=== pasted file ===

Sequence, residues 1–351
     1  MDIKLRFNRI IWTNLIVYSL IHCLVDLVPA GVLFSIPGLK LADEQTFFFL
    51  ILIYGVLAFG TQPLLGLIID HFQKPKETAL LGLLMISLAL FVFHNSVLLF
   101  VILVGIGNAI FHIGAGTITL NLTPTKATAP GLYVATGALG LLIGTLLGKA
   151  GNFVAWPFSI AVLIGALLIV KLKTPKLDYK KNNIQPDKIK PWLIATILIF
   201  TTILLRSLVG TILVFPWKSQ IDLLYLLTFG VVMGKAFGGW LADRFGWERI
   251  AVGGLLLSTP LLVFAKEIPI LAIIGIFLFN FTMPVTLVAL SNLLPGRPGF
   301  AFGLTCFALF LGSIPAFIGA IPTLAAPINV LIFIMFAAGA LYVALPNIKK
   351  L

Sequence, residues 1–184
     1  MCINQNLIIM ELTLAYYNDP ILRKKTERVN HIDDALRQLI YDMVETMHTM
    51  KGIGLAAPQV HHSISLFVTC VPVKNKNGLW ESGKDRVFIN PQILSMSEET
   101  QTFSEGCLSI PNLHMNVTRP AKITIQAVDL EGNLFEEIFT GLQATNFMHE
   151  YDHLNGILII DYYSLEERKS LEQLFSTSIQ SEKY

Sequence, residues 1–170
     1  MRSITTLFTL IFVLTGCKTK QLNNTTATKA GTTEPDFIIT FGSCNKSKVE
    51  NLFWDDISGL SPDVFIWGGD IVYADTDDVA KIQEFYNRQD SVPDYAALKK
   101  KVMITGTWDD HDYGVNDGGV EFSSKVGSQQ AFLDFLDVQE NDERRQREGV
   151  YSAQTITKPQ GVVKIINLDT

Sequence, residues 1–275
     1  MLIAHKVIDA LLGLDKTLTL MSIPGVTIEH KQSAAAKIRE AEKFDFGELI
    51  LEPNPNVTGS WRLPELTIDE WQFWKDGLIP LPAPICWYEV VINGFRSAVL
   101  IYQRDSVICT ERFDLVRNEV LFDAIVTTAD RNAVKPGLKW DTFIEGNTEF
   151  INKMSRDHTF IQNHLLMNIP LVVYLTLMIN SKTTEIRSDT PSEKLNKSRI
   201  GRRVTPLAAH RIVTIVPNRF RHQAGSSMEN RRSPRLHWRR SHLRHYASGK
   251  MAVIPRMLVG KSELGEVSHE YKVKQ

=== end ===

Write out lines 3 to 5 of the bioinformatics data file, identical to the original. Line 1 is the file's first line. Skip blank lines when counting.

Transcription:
    51  ILIYGVLAFG TQPLLGLIID HFQKPKETAL LGLLMISLAL FVFHNSVLLF
   101  VILVGIGNAI FHIGAGTITL NLTPTKATAP GLYVATGALG LLIGTLLGKA
   151  GNFVAWPFSI AVLIGALLIV KLKTPKLDYK KNNIQPDKIK PWLIATILIF